None of these is you.

— Eckhart Tolle – The Power of Now : A Guide to Spiritual Enlightenment (p. 37)

None of these is you

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This time I must confess
i feel a total hate for myself
while crowded and swarmed
my heart wishes to be by single self

seeking that single pearl
i crave to dive deep into this sea
but fear of murderous waves
makes me beg for your help my friends

scattered with so much going on inside
i long for nothing but an inner unity
duality must be abandoned
if you seek to drink the soul of unity

you must bet and lose
everything you’ve ever owned
if you truly desire
to become one with your beloved

listen to the secret sound
of the revelation now
when your quest aspires the skies
fly away from this lowly earth

my heavenly soul
who only nests in the heights
is tired of its house on earth
it wants to abandon the body
it wants to take the final flight

— Jalalud’din Rumi – Ghazal number 3210 (transl. by Nader Khalili)

Confession of a seeker

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We live in a society whose whole policy is to excite every nerve in the human body and keep it at the highest pitch of artificial tension, to strain every human desire to the limit and to create as many new desires and synthetic passions as possible, in order to cater to them with the products of our factories and printing presses and movie studios and all the rest.

 

And yet it is still just as naïve to suppose that members of the same human species, without having changed anything but their minds, should suddenly turn around and produce a perfect society, when they have never been able, in the past, to produce anything but imperfection and, at best, the barest shadow of justice.

 

I had at last become a true child of the modern world, completely tangled up in petty and useless concerns with myself, and almost incapable of even considering or understand anything that was really important to my own true interests.

 

What a strange thing! In filling myself, I had emptied myself. In grasping things, I had lost everything. In devouring pleasures and joys, I had found distress and anguish and fear.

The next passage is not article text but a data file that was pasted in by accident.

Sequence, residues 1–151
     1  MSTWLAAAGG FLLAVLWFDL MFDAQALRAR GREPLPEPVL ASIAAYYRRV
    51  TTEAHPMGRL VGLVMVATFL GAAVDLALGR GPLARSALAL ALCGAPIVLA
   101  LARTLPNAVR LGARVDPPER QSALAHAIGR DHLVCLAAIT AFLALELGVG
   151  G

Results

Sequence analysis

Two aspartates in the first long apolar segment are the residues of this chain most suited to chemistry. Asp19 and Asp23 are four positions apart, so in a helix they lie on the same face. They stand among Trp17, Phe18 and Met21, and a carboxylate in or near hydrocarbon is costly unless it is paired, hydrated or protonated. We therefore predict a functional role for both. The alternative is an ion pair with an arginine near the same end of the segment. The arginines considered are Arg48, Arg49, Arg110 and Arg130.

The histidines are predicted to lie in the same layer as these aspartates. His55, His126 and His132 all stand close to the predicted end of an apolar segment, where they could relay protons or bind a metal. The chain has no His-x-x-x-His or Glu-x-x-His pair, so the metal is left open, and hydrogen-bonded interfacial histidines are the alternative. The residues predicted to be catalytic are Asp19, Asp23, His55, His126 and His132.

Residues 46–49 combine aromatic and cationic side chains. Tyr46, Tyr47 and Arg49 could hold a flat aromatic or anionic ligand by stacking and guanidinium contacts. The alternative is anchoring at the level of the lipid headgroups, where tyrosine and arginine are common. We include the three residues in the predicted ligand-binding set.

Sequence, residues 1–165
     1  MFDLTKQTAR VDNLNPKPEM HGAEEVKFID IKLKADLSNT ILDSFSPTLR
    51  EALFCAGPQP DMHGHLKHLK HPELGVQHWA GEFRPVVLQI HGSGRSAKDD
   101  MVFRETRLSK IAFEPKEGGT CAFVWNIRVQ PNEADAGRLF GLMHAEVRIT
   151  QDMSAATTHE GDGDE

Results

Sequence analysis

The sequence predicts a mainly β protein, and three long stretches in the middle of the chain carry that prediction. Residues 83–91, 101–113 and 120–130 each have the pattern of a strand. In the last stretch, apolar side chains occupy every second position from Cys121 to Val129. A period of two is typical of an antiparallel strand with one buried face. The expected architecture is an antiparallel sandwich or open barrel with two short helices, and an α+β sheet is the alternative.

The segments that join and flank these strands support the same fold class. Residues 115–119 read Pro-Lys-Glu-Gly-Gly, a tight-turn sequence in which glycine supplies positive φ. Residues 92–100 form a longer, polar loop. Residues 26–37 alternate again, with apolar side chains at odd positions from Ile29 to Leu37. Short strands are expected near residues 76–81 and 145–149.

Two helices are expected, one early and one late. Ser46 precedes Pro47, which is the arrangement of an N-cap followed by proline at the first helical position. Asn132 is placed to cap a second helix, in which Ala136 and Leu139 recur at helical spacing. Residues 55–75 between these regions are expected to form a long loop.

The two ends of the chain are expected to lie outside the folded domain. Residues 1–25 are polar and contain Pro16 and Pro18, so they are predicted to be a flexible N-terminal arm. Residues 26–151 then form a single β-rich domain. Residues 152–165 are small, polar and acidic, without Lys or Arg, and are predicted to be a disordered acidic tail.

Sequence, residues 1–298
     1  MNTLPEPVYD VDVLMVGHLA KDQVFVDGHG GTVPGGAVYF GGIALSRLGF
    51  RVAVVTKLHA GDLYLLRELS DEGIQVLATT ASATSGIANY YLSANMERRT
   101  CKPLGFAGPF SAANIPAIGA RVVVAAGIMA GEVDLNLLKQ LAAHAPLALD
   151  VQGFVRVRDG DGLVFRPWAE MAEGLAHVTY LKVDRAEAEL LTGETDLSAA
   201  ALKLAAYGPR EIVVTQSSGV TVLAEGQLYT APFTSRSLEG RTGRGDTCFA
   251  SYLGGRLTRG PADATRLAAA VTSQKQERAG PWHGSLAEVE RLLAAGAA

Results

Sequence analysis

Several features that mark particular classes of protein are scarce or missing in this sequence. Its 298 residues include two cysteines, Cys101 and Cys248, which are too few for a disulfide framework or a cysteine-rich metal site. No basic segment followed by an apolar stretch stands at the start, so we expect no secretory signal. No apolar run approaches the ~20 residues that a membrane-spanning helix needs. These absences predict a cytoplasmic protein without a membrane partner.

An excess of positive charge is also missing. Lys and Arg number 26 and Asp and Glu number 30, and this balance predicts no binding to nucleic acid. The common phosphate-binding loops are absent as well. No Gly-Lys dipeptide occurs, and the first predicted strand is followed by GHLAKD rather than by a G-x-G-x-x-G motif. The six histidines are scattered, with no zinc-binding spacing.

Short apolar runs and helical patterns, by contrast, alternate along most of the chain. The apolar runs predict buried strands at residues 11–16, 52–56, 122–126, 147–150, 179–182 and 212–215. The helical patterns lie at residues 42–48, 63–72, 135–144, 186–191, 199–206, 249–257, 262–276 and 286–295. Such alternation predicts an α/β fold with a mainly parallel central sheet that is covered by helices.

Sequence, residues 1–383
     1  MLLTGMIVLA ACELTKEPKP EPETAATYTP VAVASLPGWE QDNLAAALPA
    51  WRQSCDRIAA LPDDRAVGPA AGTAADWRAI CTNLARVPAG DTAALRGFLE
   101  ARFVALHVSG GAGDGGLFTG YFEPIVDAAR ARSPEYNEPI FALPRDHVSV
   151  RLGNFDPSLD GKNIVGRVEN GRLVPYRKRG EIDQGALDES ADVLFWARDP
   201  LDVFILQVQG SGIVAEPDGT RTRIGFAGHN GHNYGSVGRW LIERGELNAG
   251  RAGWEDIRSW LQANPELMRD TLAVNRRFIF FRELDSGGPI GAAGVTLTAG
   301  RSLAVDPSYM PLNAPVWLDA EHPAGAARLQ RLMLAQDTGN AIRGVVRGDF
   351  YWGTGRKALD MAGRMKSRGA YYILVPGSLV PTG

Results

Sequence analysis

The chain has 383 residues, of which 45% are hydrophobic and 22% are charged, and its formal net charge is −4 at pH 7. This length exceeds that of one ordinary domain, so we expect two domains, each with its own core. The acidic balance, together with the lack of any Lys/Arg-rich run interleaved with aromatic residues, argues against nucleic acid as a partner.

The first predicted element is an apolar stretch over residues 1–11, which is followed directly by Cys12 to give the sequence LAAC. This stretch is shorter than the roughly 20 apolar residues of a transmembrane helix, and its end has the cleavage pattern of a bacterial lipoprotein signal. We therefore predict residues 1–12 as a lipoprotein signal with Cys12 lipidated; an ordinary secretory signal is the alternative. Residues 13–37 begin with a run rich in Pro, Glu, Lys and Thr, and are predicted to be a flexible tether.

— Thomas Merton – Several Quotes from “The Seven Storey Mountain

Slavery

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Morality as taught by way of rules is extremely powerful and valuable in the development of practice. It must be remembered that it, like all the techniques in meditation, is merely a tool to enable one to eventually get to that place of unselfishness where morality and wisdom flow naturally. In the West, there’s a myth that freedom means free expression–that to follow all desires wherever they take one is true freedom. In fact, as one serves the mind, one sees that following desires, attractions, repulsions is not at all freedom, but is a kind of bondage. A mind filled with desires and grasping inevitably entails great suffering. Freedom is not to be gained through the ability to perform certain external actions. True freedom is an inward state of being. Once it is attained, no situation in the world can bind one or limit one’s freedom. It is in this context that we must understand moral precepts and moral rules.
Normally, we spend our time simply reacting to stimuli in ways in which we have been conditioned. Often this conditioning is quite strong and brings about situations in which we act out our selfishness in ways that hurt or infringe upon those around us. By observing moral precepts we begin to set limits on how much we will follow our conditioned reactions and our desires. We stop identifying so strongly with them and say: “Wait, I’m going to stop a minute and simply watch the nature of this process,” rather than blindly follow all the desires and impulses that come. It is this stopping, observing, and not being caught in the web of reaction that will lead us to freedom.

— Jack Kornfield – Living Buddhist Masters – p. 302

What is the function of restraint in spiritual practice?